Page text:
Health Promotions in Schools of Music

2004 Conference | Sponsors | University of North Texas | Performing Arts Medical Association

Music Education Liaison

Hearing Health

Vocal Health
PreConference Report 1
Preconference Report 2
Postconference Report


Mental Health
Teacher Stresses


Chair: Patricia Sink, University of North Carolina at Greensboro
Karendra DeVroop, Cape Henry Preparatory School
Douglas Owens, University of Southern Maine


I.            Music educators and students need to be informed of the possibility of noise-induced hearing loss (NIHL) as a result of participating in music activities.  Music educators and students are exposed to variable and intense sound levels that may place them at risk for NIHL during the progression of their careers and/or participation in music.  However, because federal regulations by the United States Occupational Safety and Health Administration (OSHA) are designed to verify industrial workers' sound-exposure levels, minimal long-term descriptions of music educators/students' exposure to unacceptable sound levels exist.  Of course, OSHA standards apply to music educators and students.  However, examinations of music educators and students have resulted in minimal, if any, sound-exposure problems over an eight-hour period of measurement (i.e., as assessed by OSHA).  Yet, we know, because of the variable and intense sound-level exposures by music educators and students across their careers and participation, they frequently experience NIHL.  The International Standards Organization (ISO) applies the United States National Institute for Health and Safety (NIOSH) suggestions.  The U.S.-recognized federal regulatory agency (i.e., OSHA) has yet to accept and apply the NIOSH recommendations of no more than an 85 dB sound-level exposure during an eight-hour period with a 3 dB exchange rate.  Currently, the OSHA standard relative to unacceptable sound-exposure level is 90 dB with a 5 dB exchange rate.  We must pursue application of the NIOSH standards to protect music educators and students from NIHL. Additionally we must establish a process by which music consumers, performers, students and teachers may be educated or informed about the alarming differences between OSHA and NIOSH standards in terms of preventing NIHL.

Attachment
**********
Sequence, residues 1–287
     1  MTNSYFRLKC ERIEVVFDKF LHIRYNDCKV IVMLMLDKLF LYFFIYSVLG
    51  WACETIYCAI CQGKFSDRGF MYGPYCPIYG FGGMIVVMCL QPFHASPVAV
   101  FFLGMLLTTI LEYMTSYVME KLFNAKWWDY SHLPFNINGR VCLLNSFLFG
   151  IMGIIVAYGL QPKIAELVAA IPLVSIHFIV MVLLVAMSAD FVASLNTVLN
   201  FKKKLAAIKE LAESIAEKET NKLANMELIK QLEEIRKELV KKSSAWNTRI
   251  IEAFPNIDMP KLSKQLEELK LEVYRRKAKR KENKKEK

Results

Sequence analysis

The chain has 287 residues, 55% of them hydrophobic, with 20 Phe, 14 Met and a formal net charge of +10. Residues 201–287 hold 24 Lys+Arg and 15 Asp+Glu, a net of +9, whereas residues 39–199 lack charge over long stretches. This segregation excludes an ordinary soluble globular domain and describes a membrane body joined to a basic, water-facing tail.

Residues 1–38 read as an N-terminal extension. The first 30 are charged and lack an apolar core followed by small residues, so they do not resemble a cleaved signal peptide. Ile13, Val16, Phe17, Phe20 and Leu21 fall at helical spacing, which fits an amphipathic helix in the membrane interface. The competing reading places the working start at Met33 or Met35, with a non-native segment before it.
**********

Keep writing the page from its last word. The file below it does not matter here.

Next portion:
II.            Based on research, hearing conservation programs need to be established in K-12 and higher education music programs, and a hearing conservation brochure should be developed for distribution.  Professional associations and organizations have developed hearing conservation programs.  Some examples of such programs include:  Crank It Down (National Hearing Conservation Association), Dangerous Decibels (Oregon Hearing Research Center), Hear for a Lifetime (American Tinnitus Association), Hearing Education for Rockers (H.E.A.R.), Hear US (National Campaign for Hearing Health), HIP Talk (House Ear Institute), Know Noise (Sight & Hearing Association, Operation BANG (Military Audiology Association), Stop That Noise (League for the Hard of Hearing), and Ear Wise (NIDCD).  Despite these hearing conservation programs, basic information about hearing losses among music educators and students remains absent from most school music curricula.  Some researchers maintain that hearing conservation practices are not in most schools because of the lack of music educators' awareness, lack of effective research dissemination, and lack of committed, tenacious and required applications of hearing conservation education in K-12 and university/college music curricula.  Perhaps a result of the HPSM Conference will be developing and providing a program entitled, Save the Children's Ears Campaign (Chesky, 09/08/04) in collaboration with the National Association of Music Educators (i.e., MENC).